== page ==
Background and importance Acute pharyngotonsillitis is the most prevalent infectious disease in primary healthcare, with inadequate prescription of antibiotics without diagnostic evidence through the application of the Centor criteria and the rapid antigen detection test for group A β-haemolytic Streptococcus.
Aim and objectives To evaluate in our territory the degree of adequacy of: (1) the diagnostic procedures for pharyngotonsillitis and (2) antibiotic treatment.
Material and methods A retrospective observational study was conducted in patients diagnosed with pharyngotonsillitis during 2019 in 20 primary healthcare centres. Demographic variables (age and sex), Centor criteria, rapid antigen test and antibiotic prescriptions were collected.
Results 5283 patients were included, aged 9 (6–13) years, and 2759 (52.2%) were women. Of 1062 (20.1%) adult patients, 234 (22%) did not have a record of the Centor score, and 420 (39.5%) with a Centor score ≥2 did not undergo an antigen test. Antibiotic treatment was given to 76 (7.2%) patients without registration of the Centor score or test, to 53 (5%) with a Centor score <2 and no test, and to 49 (4.6%) with a negative test. In contrast, 4 (0.4%) patients with a Centor score of ≥2 and a positive test did not receive an antibiotic. Of 4221 (79.9%) paediatric patients, 295 (7%) did not have a record of the Centor score, and 1492 (28.2%) with a Centor score ≥2 did not undergo a test. Antibiotic treatment was given to 97 (2.3%) patients without registration of the Centor score or test, to 53 (1.3%) with a Centor score of <2 and no test, and to 213 (5.1%) with a negative test. In contrast, 84 (2%) patients with a Centor score of ≥2 and a positive test did not receive an antibiotic.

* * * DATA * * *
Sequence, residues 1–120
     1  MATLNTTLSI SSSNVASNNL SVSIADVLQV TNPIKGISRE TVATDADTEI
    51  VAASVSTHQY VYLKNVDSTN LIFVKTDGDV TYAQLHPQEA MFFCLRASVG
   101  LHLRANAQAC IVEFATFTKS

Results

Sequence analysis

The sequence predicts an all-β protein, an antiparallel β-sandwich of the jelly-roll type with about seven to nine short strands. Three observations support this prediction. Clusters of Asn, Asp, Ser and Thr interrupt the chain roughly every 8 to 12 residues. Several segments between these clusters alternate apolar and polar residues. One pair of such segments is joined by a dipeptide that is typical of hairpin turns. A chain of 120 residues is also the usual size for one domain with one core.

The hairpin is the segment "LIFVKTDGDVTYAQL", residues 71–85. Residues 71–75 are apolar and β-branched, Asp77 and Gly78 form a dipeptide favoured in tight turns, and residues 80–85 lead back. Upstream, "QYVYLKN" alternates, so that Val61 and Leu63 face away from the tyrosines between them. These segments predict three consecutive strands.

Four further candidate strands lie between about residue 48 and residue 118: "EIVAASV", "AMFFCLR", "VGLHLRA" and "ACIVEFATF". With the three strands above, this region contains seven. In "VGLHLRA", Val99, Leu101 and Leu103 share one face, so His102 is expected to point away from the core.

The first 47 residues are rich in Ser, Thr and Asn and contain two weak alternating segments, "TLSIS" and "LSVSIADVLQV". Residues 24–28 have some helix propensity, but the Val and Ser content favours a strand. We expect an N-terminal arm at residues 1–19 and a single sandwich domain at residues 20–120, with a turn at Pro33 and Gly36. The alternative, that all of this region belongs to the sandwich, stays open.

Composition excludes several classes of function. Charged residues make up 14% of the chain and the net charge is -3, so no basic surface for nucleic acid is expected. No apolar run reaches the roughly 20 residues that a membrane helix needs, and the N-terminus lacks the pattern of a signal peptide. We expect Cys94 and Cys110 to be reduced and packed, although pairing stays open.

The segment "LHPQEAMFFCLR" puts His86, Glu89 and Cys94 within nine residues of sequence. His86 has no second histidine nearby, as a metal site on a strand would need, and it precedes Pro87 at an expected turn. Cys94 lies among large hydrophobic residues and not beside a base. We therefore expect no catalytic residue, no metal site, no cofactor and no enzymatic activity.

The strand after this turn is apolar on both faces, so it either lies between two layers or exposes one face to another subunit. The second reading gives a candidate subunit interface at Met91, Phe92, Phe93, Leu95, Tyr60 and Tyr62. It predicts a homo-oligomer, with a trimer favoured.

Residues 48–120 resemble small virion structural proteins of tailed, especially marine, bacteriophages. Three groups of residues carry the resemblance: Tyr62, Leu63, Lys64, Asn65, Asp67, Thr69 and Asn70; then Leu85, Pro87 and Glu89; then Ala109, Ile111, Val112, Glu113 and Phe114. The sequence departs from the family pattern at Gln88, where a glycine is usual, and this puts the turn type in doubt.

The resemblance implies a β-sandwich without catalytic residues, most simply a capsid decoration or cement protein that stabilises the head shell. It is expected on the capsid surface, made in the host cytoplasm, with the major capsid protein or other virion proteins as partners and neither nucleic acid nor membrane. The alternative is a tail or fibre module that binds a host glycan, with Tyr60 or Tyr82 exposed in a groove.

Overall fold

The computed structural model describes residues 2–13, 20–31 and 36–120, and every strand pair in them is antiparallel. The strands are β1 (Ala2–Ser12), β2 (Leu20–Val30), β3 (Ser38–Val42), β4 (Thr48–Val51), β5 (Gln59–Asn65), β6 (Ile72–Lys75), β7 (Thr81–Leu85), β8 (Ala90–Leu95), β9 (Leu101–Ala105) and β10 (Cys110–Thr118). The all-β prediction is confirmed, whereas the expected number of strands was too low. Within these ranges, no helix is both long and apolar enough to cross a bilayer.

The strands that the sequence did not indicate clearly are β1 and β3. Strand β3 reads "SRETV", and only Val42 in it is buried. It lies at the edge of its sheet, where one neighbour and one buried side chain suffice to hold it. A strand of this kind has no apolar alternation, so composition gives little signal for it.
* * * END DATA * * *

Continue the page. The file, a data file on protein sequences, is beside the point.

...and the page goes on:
Conclusion and relevance The pharyngotonsillitis diagnostic workup (application of the Centor criteria and rapid antigen test) was far from optimal, especially in the adult population. Accordingly, there was a moderately inappropriate prescription of antibiotics, although less in the paediatric population. Optimising the use of antibiotics in pharyngotonsillitis treatment requires maintenance of the dissemination of recommendations and advice.
Conflict of interest No conflict of interest